Politics of Sri Lanka’s IMF bailout: an initial assessment
By Dr. S. I. Keethaponcalan
Sri Lanka’s long-awaited International Monetary Fund (IMF) bailout finally came through. On March 20, 2023, the IMF approved three billion US dollars under its Extended Fund Facility (EFF). It is claimed that Sri Lanka could access up to seven billion US dollars.
An immediate disbursement of 300 million US dollars was made immediately after the approval. Sri Lanka has a long history of borrowing from the IMF. However, this time around, it was different because the current bailout is aimed at preventing a total collapse and a socio-economic catastrophe. Sri Lanka also did not have too many other options.
Nevertheless, there was doubt at one point in time whether the IMF would bail out Sri Lanka, with even government ministers casting doubts. Some predicted there would be no IMF assistance because of the Chinese resistance to necessary concessions. However, for some of us, it was clear that a rescue package would become a reality.
One, the international community, especially the regional bigwigs, could not allow Sri Lanka to collapse because a Sri Lankan disaster would have an unavoidable spill-over effect on other South Asian states. Therefore, someone needed to bail Sri Lanka out. The IMF was one of the promising candidates.
Two, failure to rescue Sri Lanka would have pushed the country more into the control of China. When the Sri Lankan crisis emerged, President Gotabaya Rajapaksa’s government, especially Central Bank Governor Nivad Cabral, who played a significant role in ruining the country’s economy, preferred to work with China than the IMF. He announced that “Sri Lanka does not need IMF relief.” Before the crisis, China consolidated its power and influence in Sri Lanka, which concerned India and the United States. The crisis imparted an opportunity to re-establish their influence in Sri Lanka. This was precisely why India and the USA contributed considerably to the final IMF decision.
Three, although China was initially hesitant to make concessions, it did not have the luxury to not cooperate with the IMF and Sri Lanka on this issue. Sri Lanka used to be in the sphere of influence of the West and India. In the early days, China struggled to establish a foothold in Sri Lanka despite the historic connection between the two countries. The end of the civil war in 2009 enabled Sri Lanka to sideline India and the US and forge close relations with China. Hence, post-civil war witnessed a rapidly growing Chinese presence and influence in Sri Lanka. Meanwhile, the notion that it was the Chinese hesitance to make concessions, for example, to restructure debt, compromised its image and position in Sri Lanka. China cannot easily lose Sri Lanka because it has already invested considerably in the Sri Lanka project. Eventually, Chinese banks made adequate concessions that sealed the IMF approval on March 20. As The Business Times reported on March 7, 2023, “Chine has given assurances that it will support Sri Lanka’s debt restructuring, potentially clearing the biggest hurdle for the South Asian nation to secure a US$2.9 billion bailout from the International Monetary Fund (IMF) in the coming weeks.”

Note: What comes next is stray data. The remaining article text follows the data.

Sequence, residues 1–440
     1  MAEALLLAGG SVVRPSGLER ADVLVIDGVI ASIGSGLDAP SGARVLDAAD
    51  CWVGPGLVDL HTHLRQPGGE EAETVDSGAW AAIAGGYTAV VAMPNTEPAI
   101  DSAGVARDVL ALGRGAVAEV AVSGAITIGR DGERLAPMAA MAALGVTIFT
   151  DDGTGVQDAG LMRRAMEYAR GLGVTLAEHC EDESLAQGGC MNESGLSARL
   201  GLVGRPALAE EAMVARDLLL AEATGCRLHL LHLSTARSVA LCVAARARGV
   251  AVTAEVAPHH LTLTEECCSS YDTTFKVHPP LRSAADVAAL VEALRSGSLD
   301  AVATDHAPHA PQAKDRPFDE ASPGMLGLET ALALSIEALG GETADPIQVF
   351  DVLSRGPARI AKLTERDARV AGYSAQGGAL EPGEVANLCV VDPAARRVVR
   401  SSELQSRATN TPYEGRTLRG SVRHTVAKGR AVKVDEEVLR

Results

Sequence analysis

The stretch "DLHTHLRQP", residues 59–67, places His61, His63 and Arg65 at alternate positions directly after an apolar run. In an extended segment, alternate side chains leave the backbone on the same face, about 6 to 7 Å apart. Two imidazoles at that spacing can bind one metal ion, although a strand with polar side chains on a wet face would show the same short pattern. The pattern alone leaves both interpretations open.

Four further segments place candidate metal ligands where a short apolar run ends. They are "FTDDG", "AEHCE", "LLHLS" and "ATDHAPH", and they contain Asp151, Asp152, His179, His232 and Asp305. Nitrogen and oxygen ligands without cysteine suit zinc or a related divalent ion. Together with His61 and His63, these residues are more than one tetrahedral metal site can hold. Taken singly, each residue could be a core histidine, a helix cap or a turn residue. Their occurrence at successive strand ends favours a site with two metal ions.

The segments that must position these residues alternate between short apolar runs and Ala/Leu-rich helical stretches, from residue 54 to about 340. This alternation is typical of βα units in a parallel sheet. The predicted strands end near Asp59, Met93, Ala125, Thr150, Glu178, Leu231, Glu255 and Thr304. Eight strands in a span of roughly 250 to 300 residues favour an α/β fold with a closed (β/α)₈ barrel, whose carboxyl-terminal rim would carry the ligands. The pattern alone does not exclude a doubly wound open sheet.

The approval on March 20 generated mixed reactions in Sri Lanka. The government of Ranil Wickremesinghe was elated. On March 21, the president proudly announced, “we will no longer be declared a bankrupt nation, but a nation that can restructure its debts.” Government supporters celebrated the news with fireworks. On the other hand, sceptics mocked the government, saying this was not the first IMF loan to Sri Lanka. The implication was that the IMF deal should not be treated as an achievement or victory. Others pointed out that the deal would only benefit the government and wealthy groups. They believe that ordinary Sri Lankans would not benefit from the bailout package.
The argument that the IMF bailout would not benefit ordinary people is ill-informed and politically motivated. In other words, the bailout can benefit ordinary people immediately. Sri Lankans have been experiencing immense hardship daily from the skyrocketing cost of living. One source of the killer price of essential commodities was the depreciation of the Sri Lanka rupee again the dollar. The Sri Lanka rupee almost wholly collapsed following the economic crisis. As an import-dependent society, the impact of the dollar crisis and resulting high prices crippled the lives of ordinary Sri Lankans.